If all physical causes have been out ruled then addressing any underlying anxiety is important. Psychological distress often manifests as physical complaints in children and teenagers. Abdominal pain and headaches would be the most common symptoms, but skin issues can occur.


What are the risks? My husband wants to have our son circumcised straight after he is born

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Circumcision only takes a few minutes in a newborn

Q My husband wants to have our son circumcised immediately after he is born. There is no medical or religious reason for this, but my husband remembers having it done when he was around 10 and doesn’t want his son to go through the same thing. What are the risks with circumcising a baby? Would it be better to wait and see if it is necessary?

Dr Nina replies: Circumcision is the surgical removal of the foreskin, which is the skin covering the tip of the penis. It is a practice that has been around for a long time and is done for cultural and religious reasons in many countries and societies. Religious circumcision is often done a few days after birth. In certain faiths it is performed by a cleric as part of a religious ceremony. Those of Jewish and Muslim faiths tend to request circumcision on cultural grounds.

The procedure only takes a few minutes in a newborn, but can take much longer in older children and adults. Complications of the procedure are more common in older age groups. Circumcision is not essential. In the majority of boys the foreskin becomes easier to retract as the child starts to grow and in most it is fully retractile by the age of four or five. It is important to be able to fully retract the foreskin as if this doesn’t happen bacteria and adhesions can build up leading to recurrent infection and pain. The penis may be noted to balloon when passing urine and there may be a build-up of pus or discharge under the foreskin leading to odour and irritating the skin below.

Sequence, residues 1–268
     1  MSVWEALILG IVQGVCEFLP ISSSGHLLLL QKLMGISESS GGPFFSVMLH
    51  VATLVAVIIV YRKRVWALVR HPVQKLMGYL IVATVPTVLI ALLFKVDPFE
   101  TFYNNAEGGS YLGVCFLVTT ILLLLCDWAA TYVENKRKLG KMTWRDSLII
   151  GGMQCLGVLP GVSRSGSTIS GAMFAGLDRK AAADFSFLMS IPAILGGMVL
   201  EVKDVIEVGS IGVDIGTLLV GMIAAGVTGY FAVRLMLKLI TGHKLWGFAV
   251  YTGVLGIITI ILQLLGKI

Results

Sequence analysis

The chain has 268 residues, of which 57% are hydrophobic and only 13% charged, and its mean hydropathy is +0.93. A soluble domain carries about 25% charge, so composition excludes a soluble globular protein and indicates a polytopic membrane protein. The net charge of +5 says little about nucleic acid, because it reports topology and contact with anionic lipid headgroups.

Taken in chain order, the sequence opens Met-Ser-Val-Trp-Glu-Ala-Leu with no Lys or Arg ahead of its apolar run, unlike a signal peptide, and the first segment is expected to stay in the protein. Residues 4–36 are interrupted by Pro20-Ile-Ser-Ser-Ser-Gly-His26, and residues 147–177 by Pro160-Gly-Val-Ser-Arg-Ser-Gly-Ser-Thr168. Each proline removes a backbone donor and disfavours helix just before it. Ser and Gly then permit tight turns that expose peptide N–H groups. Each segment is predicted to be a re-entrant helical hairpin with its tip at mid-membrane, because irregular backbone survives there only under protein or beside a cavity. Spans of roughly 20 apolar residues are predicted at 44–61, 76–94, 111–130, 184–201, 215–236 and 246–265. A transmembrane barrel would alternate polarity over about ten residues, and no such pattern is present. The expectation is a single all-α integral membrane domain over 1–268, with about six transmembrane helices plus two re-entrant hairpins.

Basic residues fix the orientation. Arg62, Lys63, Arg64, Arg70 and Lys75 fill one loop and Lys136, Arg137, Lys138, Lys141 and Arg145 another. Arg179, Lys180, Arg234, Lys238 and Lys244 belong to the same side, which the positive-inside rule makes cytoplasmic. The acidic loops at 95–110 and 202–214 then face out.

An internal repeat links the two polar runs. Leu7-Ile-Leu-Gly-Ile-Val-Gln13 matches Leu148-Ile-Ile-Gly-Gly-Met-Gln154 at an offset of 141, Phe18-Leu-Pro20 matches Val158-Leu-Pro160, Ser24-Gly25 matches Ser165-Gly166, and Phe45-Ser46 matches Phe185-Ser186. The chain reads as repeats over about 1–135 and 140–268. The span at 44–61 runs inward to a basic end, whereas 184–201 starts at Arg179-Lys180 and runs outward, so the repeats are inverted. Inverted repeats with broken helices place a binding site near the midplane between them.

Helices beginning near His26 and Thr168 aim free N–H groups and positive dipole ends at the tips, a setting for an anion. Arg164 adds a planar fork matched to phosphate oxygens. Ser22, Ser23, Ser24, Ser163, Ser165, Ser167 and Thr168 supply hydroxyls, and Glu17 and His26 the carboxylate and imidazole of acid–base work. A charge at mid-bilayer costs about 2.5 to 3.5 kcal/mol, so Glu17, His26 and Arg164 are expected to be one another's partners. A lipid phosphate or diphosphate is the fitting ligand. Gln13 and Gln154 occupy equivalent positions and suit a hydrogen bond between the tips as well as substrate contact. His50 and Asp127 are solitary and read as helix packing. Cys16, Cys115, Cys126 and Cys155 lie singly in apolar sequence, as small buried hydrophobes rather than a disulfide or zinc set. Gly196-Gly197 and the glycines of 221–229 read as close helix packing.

Medical circumcision is required in older boys and men who develop an adherent foreskin or in those with recurrent infections. It is true that recovery takes longer in those who are older and post-operative pain and discomfort can be more pronounced.

The issue of purely elective circumcision is controversial. Advocates would argue that is can reduce the risk of penile infection, makes it more difficult to contract HIV and other STDs and may reduce the risk of developing penile cancer. Those who are against would argue that it is a surgical procedure that carries a risk of infection, bleeding and penile injury. If a general anaesthetic is required, this also carries some risk. If the procedure is performed, it should be done by a properly-trained and licensed surgeon in a clinical setting.

Your husband obviously had a difficult experience, but if your son is otherwise well and doesn’t appear to have any issues with his foreskin, there really is no indication to put him through a surgical procedure. Most public hospitals and many insurance companies will not arrange or cover cultural or unnecessary circumcision, so there is a cost implication if you decide to proceed.

Perhaps start by addressing your husband’s concerns and discussing them with a trusted family doctor.